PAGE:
MoDOT: Pay is to blame for lack of workers to clear winter roads

Regional News

JEFFERSON CITY, Mo. – It’s going to take a lot longer to clear snow off Missouri roads this winter and the Missouri Department of Transportation said it’s nobody’s fault but our own.

MoDOT said they need 200 to 300 seasonal workers to help and clear winter weather but this year, the director of the department said they are nowhere near that. Neighboring states like Kansas and Illinois are paying $5 to $10 more per hour than Missouri.

“We’re losing some of our very talented engineers for $20,000 and $30,000 more per year than they make here at MoDOT,” MoDOT Director Patrick McKenna said Monday. “We’re well over probably $3 an hour off-market for what is being paid by the private sector by municipalities around the state.”

The department is on track to lose 800 employees this year McKenna said in an interview Monday. Normally, he said healthy turnover MoDOT is about 250 workers a year.

“For the last seven straight months, we’ve lost over 70 people a month and over the last four months it’s been over 80,” McKenna said. “This has been a problem for many years, and we just haven’t gotten the job done and addressed it and frankly the issue is we’re not competitive in the market with the skills of our labor force.”

Although the federal infrastructure bill that President Biden signed Monday is bringing more than $7 billion to the state for roads and bridges, with low-paying wages, McKenna said he’s concerned more might leave MoDOT.

“Everyone knows there’s a lot more work coming and there’s a high demand for knowledge, skill, and ability for infrastructure work,” McKenna said.

After some parts of the state saw snow flurries Friday, MoDOT is warning drivers, patience is going to be key this winter.

“We’re several hundred people below when we look at planning for winter,” McKenna said.

In total, MoDOT has roughly 1,500 pieces of equipment, McKenna said, and he believes the department has enough people to staff all equipment which takes around 3,400 employees. He said the department is limited on overtime but it’s not because of money.

“With the limitation of people we can’t necessarily safely have people doing things like plowing in inclement weather much beyond that 12-hour window,” McKenna said. “There’s only so much capacity for overtime.”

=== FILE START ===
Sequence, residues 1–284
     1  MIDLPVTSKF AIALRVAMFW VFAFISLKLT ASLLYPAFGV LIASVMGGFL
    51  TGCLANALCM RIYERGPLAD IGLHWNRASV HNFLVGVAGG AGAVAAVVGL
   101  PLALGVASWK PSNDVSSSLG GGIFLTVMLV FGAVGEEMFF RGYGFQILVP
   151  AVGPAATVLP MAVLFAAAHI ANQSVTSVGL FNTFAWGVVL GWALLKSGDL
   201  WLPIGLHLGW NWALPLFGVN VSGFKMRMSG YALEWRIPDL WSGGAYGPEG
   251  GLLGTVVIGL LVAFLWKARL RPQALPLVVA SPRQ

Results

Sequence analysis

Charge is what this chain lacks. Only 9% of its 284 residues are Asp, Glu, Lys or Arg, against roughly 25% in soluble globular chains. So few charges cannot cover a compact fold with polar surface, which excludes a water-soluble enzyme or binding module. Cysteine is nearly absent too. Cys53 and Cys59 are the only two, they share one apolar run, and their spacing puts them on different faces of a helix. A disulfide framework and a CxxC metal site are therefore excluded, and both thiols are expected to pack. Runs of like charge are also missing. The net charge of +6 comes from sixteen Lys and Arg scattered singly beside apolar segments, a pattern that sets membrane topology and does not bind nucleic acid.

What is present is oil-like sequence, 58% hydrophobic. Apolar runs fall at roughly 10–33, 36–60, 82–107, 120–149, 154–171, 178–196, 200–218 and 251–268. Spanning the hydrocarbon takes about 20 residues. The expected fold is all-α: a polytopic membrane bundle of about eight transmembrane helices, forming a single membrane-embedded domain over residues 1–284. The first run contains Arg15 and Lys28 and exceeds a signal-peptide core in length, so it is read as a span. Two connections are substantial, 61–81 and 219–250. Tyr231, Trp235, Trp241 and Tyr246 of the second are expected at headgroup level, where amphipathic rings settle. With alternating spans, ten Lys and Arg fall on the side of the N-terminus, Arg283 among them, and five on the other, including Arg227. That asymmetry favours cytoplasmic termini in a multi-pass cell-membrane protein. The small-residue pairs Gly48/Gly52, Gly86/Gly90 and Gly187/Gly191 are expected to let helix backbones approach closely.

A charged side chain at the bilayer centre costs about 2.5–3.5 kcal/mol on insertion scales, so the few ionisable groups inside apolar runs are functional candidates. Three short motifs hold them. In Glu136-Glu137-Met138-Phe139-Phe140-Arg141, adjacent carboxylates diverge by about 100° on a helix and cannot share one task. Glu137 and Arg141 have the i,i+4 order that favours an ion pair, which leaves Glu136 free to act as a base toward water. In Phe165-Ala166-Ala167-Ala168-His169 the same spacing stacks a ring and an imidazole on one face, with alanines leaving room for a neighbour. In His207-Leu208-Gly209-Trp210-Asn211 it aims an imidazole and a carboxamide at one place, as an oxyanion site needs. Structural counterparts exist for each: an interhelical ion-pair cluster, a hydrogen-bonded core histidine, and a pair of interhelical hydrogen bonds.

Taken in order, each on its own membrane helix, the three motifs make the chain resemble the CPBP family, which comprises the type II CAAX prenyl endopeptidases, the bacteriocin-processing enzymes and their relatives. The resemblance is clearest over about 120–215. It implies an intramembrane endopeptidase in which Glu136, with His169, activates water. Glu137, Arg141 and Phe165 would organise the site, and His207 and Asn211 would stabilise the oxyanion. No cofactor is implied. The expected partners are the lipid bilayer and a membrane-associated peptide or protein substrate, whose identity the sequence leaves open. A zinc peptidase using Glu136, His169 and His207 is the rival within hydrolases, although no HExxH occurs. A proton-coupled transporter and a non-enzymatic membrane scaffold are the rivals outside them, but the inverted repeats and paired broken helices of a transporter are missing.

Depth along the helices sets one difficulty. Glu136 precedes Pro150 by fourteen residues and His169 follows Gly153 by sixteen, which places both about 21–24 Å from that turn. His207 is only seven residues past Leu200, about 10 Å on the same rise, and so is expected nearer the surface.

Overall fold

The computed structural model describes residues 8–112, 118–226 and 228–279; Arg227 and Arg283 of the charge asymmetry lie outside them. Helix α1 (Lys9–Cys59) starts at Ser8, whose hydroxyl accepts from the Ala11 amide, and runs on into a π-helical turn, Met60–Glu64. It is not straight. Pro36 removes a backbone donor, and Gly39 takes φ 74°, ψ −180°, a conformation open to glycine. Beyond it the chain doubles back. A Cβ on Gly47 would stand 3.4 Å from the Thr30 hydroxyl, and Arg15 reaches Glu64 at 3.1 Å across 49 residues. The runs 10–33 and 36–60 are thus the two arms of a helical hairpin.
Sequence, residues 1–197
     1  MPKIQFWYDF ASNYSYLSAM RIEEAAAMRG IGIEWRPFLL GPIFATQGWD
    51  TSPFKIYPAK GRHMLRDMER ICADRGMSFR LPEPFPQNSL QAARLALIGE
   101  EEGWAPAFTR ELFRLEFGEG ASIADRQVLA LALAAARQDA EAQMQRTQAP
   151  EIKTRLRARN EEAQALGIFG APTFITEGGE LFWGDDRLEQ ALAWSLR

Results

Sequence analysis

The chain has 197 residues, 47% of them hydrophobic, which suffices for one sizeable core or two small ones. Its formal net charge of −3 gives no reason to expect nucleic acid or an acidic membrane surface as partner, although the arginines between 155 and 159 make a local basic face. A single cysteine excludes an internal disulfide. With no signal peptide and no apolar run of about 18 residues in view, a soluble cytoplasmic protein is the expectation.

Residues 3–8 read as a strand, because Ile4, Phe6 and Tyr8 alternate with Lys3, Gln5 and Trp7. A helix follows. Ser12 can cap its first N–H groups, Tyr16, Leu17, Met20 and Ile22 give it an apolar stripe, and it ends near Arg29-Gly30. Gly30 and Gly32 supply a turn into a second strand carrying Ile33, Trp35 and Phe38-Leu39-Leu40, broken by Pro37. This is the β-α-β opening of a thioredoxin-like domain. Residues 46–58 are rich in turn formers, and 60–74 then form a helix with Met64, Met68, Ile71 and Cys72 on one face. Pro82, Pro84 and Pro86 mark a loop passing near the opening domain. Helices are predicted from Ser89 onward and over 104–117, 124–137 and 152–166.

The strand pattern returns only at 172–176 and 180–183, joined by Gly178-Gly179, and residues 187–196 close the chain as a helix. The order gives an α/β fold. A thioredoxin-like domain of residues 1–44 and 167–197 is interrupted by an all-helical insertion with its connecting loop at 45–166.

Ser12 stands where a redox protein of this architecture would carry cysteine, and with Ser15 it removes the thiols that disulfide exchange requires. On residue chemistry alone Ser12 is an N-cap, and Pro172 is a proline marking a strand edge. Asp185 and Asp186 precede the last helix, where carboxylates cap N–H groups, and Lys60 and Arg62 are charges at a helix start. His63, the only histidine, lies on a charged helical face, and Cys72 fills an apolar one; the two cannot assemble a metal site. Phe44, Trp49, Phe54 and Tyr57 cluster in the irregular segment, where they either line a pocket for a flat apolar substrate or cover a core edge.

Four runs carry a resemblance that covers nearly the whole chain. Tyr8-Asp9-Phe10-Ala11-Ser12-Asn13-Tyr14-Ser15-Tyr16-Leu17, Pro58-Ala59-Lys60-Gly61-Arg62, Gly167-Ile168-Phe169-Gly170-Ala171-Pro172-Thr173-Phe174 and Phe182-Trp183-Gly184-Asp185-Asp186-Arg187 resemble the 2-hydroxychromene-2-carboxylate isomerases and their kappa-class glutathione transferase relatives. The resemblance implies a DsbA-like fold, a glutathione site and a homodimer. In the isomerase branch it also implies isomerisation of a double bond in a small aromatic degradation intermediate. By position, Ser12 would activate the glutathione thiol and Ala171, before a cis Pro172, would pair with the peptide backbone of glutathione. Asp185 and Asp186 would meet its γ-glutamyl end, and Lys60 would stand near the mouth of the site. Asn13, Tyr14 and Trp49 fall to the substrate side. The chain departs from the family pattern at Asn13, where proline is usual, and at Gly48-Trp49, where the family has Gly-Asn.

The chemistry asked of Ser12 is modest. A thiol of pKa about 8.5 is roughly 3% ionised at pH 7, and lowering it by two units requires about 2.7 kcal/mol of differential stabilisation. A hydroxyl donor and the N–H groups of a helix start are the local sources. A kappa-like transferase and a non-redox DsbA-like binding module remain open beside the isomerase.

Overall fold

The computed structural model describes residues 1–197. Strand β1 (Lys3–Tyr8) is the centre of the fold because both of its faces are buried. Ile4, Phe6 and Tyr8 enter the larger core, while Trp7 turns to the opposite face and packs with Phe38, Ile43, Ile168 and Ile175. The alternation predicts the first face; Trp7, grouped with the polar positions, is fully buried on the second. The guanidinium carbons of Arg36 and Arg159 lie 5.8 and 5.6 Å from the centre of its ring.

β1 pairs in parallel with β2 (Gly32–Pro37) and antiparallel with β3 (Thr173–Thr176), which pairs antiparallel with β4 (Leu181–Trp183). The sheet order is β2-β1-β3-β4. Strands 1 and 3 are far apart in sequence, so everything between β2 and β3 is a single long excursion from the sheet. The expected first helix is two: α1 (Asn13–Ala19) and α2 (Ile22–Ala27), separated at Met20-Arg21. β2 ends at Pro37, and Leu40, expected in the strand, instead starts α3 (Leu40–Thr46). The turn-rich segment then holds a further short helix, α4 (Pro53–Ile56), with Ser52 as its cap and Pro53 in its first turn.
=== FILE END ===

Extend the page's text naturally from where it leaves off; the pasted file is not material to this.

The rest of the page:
Normally the department has a few hundred seasonal workers to help with snow and ice removal, but this year it has been a struggle. McKenna said the starting wage for a MoDOT driver is $14.75.

“We actually advertised that in Kansas City and got lampooned on social media as being almost completely out of touch with reality,” McKenna said.

Over in Kansas, the state’s transportation department is advertising seasonal truck drivers for $25 an hour. In Illinois, it’s $20.55 to work for IDOT.

MoDOT is aware of the wage gap but says their hands are tied when it comes to giving employees a pay raise.

“The legislature has budgetary appropriation authority,” McKenna said. “I think the commission [Missouri Highway and Transportation Commission] is concerned that our attempts in the last several years have been received and fully funded, but some of this is self-inflicted over the years.”

McKenna said in the last five years, the department has lost nearly 60% of its employees. Currently, the department has 5,000 employees but is fully staffed at 5,600.

“We know it’s going to take us longer to do our job this winter and if there are severe conditions, we are going to make sure we are communicating that to the public,” McKenna said. “we know there’s going to be some frustration, we anticipate that, but know that we are working throughout the duration until we get the job done.”

Even with a lack of snowplow and salt truck drivers this year, policies for clearing the roads haven’t changed. Interstates and highways will still be the priority and will be cleared off first.

MoDOT applicant must be 18 years old and have a CDL. McKenna said if an applicant doesn’t have his or her license, MoDOT will offer training to help.

Visit MoDOT.org for information on job openings.

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